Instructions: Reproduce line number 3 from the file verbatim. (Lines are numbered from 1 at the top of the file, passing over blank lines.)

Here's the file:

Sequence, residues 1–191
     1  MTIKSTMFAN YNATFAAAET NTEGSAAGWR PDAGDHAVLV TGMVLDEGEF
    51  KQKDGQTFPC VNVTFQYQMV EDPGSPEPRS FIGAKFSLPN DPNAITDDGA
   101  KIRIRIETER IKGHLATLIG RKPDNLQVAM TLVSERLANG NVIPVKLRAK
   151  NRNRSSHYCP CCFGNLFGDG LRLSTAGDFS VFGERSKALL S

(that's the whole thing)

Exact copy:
    51  KQKDGQTFPC VNVTFQYQMV EDPGSPEPRS FIGAKFSLPN DPNAITDDGA